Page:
Driveway looks like it belongs to a neighbor?

18 Replies

So I'm looking at a Fannie foreclosure that's been around for awhile and according to the listing agent fallen out of contract because apparently the neighbor owns about half the driveway. Not the right or left but the bottom.  I'm in New York, the property is in Dutchess County. The current driveway partially circles a fairly steep hill so remaking the drive way, although likely possible, seems like an expensive and hopefully un-necessary thing to do. The driveway is not shared. The neighbors property simply encompasses the bottom of the driveway. 

Any advice on how to proceed? Anyone ever run into this type of issue?

I would request a survey or have them pin the property lines to determine who actually owns it- since it is a foreclosure they probably will not have a survey and may refuse to pay.  A survey costs $350 and to pin the property may only cost $125.  Any land surveyor can do it.  Now IF the neighbor truly does own that you can get the neighbor to agree to an easement.  If they are willing to, you can file it when you purchase the house at closing to make it record it with the County Clerk.

Originally posted by @Arissa Pedroza :

I would request a survey or have them pin the property lines to determine who actually owns it- since it is a foreclosure they probably will not have a survey and may refuse to pay.  A survey costs $350 and to pin the property may only cost $125.  Any land surveyor can do it.  Now IF the neighbor truly does own that you can get the neighbor to agree to an easement.  If they are willing to, you can file it when you purchase the house at closing to make it record it with the County Clerk.

 I clarified a bit with my agent. Apparently the previous buyer backed out because the titling company refused to ensure the title. Now...if I can get a title company to ensure the title will that be adequate to sell the house later?  Is the easement legally binding? Can I survey a place I do not own?

Ok so then there may already be a survey on the property. Check with that title company that wouldn't insure the property. That makes sense that they wouldn't insure it  because of that issue, so yes if you can get the title company to give you a general warranty deed  and Title Insurance then you won't have any issues moving forward.  Yes you can have a property surveyed that you do not own . Yes the easement would be attached to that lot and it would be legal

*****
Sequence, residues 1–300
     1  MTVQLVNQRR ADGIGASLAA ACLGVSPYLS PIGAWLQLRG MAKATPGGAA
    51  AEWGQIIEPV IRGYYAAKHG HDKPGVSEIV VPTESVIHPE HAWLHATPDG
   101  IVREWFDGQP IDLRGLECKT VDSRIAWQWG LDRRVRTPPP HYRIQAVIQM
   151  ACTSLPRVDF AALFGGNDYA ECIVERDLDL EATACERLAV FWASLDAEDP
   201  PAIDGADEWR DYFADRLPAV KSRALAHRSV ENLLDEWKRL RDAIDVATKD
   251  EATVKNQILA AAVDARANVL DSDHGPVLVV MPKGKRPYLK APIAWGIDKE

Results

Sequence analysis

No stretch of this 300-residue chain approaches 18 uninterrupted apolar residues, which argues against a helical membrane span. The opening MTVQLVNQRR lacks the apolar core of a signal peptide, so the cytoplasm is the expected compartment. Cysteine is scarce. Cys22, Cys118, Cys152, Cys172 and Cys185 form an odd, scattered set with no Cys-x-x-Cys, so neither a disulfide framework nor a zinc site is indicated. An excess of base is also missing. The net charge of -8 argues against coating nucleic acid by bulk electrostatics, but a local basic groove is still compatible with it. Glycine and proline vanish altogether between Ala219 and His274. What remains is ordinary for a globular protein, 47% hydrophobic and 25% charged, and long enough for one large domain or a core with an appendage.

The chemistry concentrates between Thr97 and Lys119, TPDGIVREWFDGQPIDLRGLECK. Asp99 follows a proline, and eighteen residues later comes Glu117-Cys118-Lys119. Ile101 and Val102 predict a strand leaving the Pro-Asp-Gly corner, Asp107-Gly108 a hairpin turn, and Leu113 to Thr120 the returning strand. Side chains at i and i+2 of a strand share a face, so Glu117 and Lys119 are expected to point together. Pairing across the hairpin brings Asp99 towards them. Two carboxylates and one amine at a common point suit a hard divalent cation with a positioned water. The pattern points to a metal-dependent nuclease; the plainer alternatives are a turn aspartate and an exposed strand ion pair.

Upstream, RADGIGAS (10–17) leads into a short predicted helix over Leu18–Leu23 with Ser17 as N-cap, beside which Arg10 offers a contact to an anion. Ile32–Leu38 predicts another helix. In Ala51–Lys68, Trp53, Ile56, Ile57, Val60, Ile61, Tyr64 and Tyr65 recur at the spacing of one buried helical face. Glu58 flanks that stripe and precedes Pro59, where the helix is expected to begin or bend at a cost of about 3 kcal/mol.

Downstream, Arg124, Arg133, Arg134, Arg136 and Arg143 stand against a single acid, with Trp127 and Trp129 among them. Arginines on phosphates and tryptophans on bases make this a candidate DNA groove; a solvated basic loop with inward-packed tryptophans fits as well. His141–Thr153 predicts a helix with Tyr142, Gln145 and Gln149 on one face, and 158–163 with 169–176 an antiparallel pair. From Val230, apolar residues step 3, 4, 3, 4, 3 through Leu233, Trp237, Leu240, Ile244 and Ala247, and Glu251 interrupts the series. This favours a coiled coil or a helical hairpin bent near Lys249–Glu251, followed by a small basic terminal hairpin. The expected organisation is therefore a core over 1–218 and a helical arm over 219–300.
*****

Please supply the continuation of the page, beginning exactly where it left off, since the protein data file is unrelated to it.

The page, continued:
Originally posted by @Arissa Pedroza :

Ok so then there may already be a survey on the property. Check with that title company that wouldn't insure the property. That makes sense that they wouldn't insure it  because of that issue, so yes if you can get the title company to give you a general warranty deed  and Title Insurance then you won't have any issues moving forward.  Yes you can have a property surveyed that you do not own . Yes the easement would be attached to that lot and it would be legal

 Thanks so much for your help. I'll update as I get more info. 

Originally posted by @Arissa Pedroza :

Sounds good! Keep me posted.

 I looked up the owner of the neighbors house and it appears to be owned by a trust called US bank national association. Any idea how to proceed about getting an easement? 

The prior owner may have gotten an easement previously. Any idea how I could find out?

Yes any easements would have been recorded through the clerk. Google the county  name and clerk's office. You should be able to look up both House address  and see if there are any documents tied to it. A local title company can assist with this if you can't find any information. As far as the current owner of the neighbor's house you might want to contact that bank or mortgage company and talk to somebody in the Foreclosure Department

@James Canoy You may be overthinking this one. The driveway issue is the seller's problem.

A survey has already been completed. No need to waste money on another one. The last buyer probably didn't want to wait around for this title issue to be resolved. 

With 2 REOs right next door to one another (think about that as well), banks could take a while to resolve this. Got time for them to sort this out? Put it under contract at a discount and take advantage of your flexibility.

Hi @James Canoy ,

I do agree with @Tom Gimer  in that you are over thinking it

I'm not sure if you meant that the subject was owned by the bank and the neighbor was as well.... or that the other side neighbor and the subjects neighbor was as well. 

I have gotten Boundary Line agreements with a bottle of Makers Mark, because most neighbors are actually quite reasonable and a few feet here and there in the grand scheme of things means nothing. I would suggest running your numbers, figuring an hour of RE lawyer time (we are a lawyer state) and finding a number worth offering to the neighbor  for that driveway section. If it works go for it, if not I personally wouldn't spend any more time. A complete solution is preferred IMO.